Its a blessing, a burden, enlightening, depressing at times, exhausting yet rewarding. ;Its a journey, an adventure. ;At times, ;youll carry a child half your size out of a store mid meltdown, kicking and screaming while dragging three more kids behind you. It is pinning your child into a shopping cart while they scream no buckle and scream so much they get sick all over you. ;The few dum-dums that look at you like youre a bad parent because your kid is screaming. ;It can be exhausting, and makes your heart cry.
Symptoms Of Autism Spectrum Disorder In Adults
Common symptoms of autism in adults include:
- Difficulty interpreting what others are thinking or feeling
- Trouble interpreting facial expressions, body language, or social cues
- Difficulty regulating emotion
- Trouble keeping up a conversation
- Inflection that does not reflect feelings
- Difficulty maintaining the natural give-and-take of a conversation; prone to monologues on a favorite subject
- Tendency to engage in repetitive or routine behaviors
- Only participates in a restricted range of activities
- Strict consistency to daily routines; outbursts when changes occur
- Exhibiting strong, special interests
Autism spectrum disorder is typically a life-long condition, though early diagnosis and treatment can make a tremendous difference.
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Can You Be A Little Bit Autistic
It is not uncommon for people to ascribe certain behaviors or moods to medical conditions or suggest that they are driven by a diagnosable psychological disorder. Examples might include:
- “Oh, I know I’m picky. I’m just a little obsessive-compulsive.”
- “Yes, I’m moody. I guess I’m sort of bipolar.”
- “I’m in a crappy mood. I think I’m;depressed.”
All of these statements, which are used all the time, equate a passing mood or mild preference with a major mental illness.
But of course, picky eating is a far cry from obsessive-compulsive disorder , which can make it impossible to fulfill the demands of daily life. And, a passing feeling of unhappiness or moodiness can’t be compared in any meaningful way to the extreme challenges of bipolar disorder or clinical depression.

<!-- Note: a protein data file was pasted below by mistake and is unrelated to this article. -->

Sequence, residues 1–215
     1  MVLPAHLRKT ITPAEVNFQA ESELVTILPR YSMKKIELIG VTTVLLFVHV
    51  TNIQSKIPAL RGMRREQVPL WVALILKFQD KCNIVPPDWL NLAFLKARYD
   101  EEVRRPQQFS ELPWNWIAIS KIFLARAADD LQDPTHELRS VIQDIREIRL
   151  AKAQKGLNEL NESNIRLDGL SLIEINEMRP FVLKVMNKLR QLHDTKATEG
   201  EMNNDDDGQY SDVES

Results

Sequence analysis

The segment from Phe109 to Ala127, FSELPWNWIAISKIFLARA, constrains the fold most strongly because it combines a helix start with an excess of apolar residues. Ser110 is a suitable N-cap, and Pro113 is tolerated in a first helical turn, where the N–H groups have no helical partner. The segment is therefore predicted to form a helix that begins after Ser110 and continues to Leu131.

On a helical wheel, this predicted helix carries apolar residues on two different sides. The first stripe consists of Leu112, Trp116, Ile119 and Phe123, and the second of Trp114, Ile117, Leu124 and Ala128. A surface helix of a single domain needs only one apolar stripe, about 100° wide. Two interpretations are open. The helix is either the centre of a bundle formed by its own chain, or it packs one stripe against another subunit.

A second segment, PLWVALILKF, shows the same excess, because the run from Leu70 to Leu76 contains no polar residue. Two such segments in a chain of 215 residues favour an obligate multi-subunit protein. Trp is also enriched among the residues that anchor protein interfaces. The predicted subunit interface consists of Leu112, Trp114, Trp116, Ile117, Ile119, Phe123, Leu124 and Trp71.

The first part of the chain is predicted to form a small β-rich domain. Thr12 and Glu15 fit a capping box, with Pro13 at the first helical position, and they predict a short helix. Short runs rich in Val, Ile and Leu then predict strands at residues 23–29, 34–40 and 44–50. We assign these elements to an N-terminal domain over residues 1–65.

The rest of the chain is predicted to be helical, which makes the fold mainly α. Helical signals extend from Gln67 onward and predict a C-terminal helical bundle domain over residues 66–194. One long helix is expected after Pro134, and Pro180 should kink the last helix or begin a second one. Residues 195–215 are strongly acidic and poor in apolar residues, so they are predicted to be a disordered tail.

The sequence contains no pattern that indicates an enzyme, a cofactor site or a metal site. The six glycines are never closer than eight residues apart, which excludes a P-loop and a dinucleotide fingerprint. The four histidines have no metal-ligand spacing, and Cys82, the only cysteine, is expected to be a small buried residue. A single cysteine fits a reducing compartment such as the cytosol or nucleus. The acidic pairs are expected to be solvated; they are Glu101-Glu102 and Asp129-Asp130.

Some people may truly believe that spending 20 minutes choosing a color scheme for a party is akin to true OCD, or that a rotten mood is the same thing as major depression.
Others know better but will still use these terms as a colorful way to describe a passing emotion or;a behavior that’s not quite appropriate. This has extended to behaviors that some have haphazardly labeled as “autistic” or being “on the spectrum.”
Parenting An Autistic Child
Parenting an autistic child is its own ball game. ;Having four kids total, two with autism, thats a whole new game!; Parenting is a blessing, and it comes with its struggles as well as joys. ;Today was one of the days that was a struggle. ;Yet, in retrospect, it made me realize the blessings of my life and children.
While attending a baby shower, I was flooded with a world of emotions. ;Not from the shower, but within my own world. ;Though I know my children are not the norm, they are my norm and I just see them as my children. ;Most occasions, when attending social gatherings, its with people close enough that know my children already. Today was not one of those events.
There was an amazing turn out for the baby shower. ;Many of whom I hadnt seen in around a decade, others several years, and a few I see more frequent. ;I had all four children with me, as my husband was at work. ;My best friend was there, so I did have help as my children see her as their aunt. ;As we greeted old friends, everyone would say hi to my son especially. ;Now this is normal, as most women instinctively say hi to cute little ones. ;My son however, didnt look at them or acknowledge they exist. ;No interaction what so ever on his part. ;That is because he is autistic. Social interactions outside family are few and far between.
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Children On The Autism Spectrum Are Not Dumb
Kids with autism have the potential to be absolutely brilliant. Theyre also talented, philosophical, kind, and creative. This is something much of society fails to see, but in truth, the autistic mind is simply wired differently than those not on the Autism Spectrum. Hans Christian Andersen, Emily Dickinson, Albert Einstein, Bill Gates, Michelangelo, Mozart, and Sir Isaac Newton all are said to have exhibited autistic tendencies.